“The best part of this is that nobody can ride by here and tell which ones are the public-housing units and which ones aren’t,” said Melvin Miller, former chairman of the Alexandria Redevelopment and Housing Authority.
TWO OF THE FIVE blocks have already been built, and the first block is already fully occupied. Redevelopment plans call for construction to take place over the course of a decade. The development is a joint project of the Alexandria Redevelopment and Housing Authority and Eakin Youngentob for a "mixed-income community" on an 8.49-acre site. The plan calls for removal of 194 old units, replacing them with 379 new units. That includes 134 public-housing units and 159 market-rate townhouses and 86 market-rate multi-family units.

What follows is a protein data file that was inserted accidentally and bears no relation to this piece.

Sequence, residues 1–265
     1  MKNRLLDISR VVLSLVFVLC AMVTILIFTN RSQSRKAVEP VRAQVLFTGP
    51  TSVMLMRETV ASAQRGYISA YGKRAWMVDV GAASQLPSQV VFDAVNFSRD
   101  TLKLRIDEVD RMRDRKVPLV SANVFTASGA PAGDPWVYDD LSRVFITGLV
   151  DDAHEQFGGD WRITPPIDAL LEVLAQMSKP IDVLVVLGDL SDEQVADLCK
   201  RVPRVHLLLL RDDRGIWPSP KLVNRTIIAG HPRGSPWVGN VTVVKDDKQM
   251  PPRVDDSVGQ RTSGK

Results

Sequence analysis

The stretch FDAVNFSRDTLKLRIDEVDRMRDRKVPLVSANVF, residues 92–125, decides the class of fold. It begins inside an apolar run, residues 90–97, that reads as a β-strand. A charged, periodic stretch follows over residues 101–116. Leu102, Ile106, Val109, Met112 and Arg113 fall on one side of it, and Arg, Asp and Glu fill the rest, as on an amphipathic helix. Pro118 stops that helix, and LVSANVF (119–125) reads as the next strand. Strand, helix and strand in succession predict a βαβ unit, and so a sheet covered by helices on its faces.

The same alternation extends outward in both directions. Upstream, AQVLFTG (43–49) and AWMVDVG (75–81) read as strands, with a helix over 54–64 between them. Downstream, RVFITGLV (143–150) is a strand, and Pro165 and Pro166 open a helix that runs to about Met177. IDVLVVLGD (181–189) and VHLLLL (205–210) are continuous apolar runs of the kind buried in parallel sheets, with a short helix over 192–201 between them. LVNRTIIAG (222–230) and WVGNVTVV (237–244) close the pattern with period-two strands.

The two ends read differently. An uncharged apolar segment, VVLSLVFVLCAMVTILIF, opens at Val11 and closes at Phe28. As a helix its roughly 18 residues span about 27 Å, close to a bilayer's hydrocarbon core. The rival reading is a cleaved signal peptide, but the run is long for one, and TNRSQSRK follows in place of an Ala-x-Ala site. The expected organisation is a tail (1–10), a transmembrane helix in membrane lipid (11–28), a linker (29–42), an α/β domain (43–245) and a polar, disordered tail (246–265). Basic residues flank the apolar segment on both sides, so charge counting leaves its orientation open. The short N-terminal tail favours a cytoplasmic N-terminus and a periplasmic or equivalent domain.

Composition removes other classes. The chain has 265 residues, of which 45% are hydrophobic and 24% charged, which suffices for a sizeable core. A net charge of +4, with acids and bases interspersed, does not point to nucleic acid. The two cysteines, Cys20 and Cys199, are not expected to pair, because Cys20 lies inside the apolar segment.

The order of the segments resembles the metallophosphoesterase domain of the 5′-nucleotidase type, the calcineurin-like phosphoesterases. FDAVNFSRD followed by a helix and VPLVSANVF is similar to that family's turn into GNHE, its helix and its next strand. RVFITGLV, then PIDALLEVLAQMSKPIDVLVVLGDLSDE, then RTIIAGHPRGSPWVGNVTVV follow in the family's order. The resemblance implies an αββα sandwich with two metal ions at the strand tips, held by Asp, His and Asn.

"The economic viability of this project depends principally on two sources of financing: the land value of the market-rate units which in turn is dependent upon their marketability and tax credit financing," wrote EYA cofounder Terry Eakin and ARHA chief executive officer Roy Priest in a letter in support of the development special-use permit.
Because of Resolution 830, 60 public-housing units must be replaced somewhere else in the city. Although the original plan was to move all 60 units to Glebe Park, that number was later reduced to 44 units to provide workforce and market-rate units on the Old Dominion portion of Glebe Park. Last year, City Council members authorized $3 million to purchase condominium units for the remaining 16 units. Since that time, the public-housing authority has purchased 10 condominiums, five townhouses and one single-family house that will now be used as public housing.